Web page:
We have been asked to publish the following article, by Anthony Amis of Friends of the Earth Melbourne, Australia.
It highlights some now very familiar themes: failure of SmartWood to comply with the FSC's rules by not publishing its Public Summary reports in a timely manner: certification on the basis of 'hoped-for improvements' rather than performance, and covering up failures to actually improve by continually re-issuing 'Corrective Action Requests'; slowness of the ASI in publishing the reports of it's audits of certifiers where problems are identified...all of which is no doubt good for SmartWood's business, but bad for the FSC's credibility...[Continue]
In December 2007, the FSC announced that it was "dissociating" itself from the giant Sinar Mas-owned Indonesian paper company Asia Pulp and Paper (APP) - see statement below. The news was mostly greeted by the environmental movement, though there is some suspicion that the FSC only took this unusual step because the possible certification of APP had been exposed in the pages of the Wall Street Journal. WWF in particular has issued stinging reports of the company's greewashing of its destruction of forests to feed its pulp mill in Riau province, Sumatra...[Continue]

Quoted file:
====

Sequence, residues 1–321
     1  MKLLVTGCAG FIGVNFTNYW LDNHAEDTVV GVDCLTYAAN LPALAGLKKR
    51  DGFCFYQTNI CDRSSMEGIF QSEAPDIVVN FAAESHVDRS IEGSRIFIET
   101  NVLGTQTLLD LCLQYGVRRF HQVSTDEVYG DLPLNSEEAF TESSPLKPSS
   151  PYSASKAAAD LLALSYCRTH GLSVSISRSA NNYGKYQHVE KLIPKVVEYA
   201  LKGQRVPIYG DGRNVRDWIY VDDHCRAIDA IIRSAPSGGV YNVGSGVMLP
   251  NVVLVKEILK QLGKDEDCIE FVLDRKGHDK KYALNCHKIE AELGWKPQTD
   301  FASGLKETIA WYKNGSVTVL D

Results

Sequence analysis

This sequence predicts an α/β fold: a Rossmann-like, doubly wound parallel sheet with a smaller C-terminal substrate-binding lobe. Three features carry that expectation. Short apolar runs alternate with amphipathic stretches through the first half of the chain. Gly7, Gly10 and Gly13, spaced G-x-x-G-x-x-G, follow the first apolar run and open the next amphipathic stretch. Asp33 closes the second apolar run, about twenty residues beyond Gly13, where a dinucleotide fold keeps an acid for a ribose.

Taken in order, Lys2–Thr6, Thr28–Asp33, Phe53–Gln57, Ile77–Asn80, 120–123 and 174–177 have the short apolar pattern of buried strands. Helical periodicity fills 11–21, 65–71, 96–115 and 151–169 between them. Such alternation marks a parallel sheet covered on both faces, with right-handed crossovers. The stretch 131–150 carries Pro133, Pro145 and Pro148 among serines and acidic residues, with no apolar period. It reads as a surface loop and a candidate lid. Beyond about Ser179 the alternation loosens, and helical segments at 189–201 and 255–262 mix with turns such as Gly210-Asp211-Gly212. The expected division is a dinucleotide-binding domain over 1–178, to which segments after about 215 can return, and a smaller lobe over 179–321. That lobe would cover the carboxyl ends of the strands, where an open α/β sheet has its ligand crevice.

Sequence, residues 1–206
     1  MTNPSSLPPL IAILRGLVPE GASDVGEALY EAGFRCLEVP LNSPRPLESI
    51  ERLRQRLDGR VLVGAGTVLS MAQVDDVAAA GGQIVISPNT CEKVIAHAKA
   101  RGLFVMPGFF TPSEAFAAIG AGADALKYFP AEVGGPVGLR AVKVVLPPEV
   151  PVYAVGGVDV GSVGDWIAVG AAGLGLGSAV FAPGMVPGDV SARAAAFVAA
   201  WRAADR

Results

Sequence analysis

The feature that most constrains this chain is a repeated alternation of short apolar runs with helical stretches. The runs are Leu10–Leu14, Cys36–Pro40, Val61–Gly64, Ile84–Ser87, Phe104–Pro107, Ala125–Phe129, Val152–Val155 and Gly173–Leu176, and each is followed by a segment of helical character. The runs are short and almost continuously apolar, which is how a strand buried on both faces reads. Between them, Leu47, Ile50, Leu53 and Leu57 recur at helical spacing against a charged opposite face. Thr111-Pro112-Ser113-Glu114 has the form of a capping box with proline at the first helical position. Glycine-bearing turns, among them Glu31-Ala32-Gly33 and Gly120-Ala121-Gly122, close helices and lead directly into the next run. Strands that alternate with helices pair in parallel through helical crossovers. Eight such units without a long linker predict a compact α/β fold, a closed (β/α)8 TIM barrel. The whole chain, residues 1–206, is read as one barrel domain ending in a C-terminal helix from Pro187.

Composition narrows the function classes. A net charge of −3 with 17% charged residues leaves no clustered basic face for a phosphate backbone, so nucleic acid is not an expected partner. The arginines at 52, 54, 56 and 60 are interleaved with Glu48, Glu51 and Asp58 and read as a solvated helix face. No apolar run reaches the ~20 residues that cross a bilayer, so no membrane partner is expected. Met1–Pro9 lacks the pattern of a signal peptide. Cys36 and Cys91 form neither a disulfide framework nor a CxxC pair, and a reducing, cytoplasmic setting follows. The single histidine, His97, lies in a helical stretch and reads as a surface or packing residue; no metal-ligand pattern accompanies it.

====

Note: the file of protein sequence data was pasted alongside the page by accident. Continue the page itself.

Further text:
FSC-Watch earlier reported on the certification of more areas of Tembec's vast logging operations in Canada, making it the largest of all FSC certified companies and no doubt earning it's certifier, SmartWood, substantial fees. David Nickarz, a forest activist in Winnipeg, has been challenging Rainforest Alliance over this certificate. Other forest activists that have questioned SmartWood (there are many of them) will understand what David means by the 'black hole' of disinformation that he refers to in the blog article below, which describes his experiences in 'complaining' to SmartWood...[Continue]
The Wall Street Journal today ran the following story, the original of which is available here
FSC's 'Green' Label for Wood Products Gets Growing Pains
By TOM WRIGHT and JIM CARLTON
October 30, 2007
The environmental group that runs a widely recognized labeling system to identify "green" wood and paper products has acknowledged that some companies using its label are destroying pristine forests and says it plans to overhaul its rules...[Continue]
To some people, such as Mayor Salvatore Perillo of Ocean City, New Jersey, USA, the FSC represents the 'Gold Standard' of forest certification; an assurance that wood comes from well-managed and properly independently audited sources. But Mayor Perillo, and many others, would do well to know what lies behind the FSC's claims. One of the more shocking examples - Jurua Forestal Ltda, which is felling timber in the Brazilian rainforest - is a potential supplier of ipe timber for the imminent repair of Perillo's Ocean City sea-front boardwalks.
Jurua Forestal was first certified for FSC by the California-based Scientific Certification Systems Inc in April 2002...[Continue]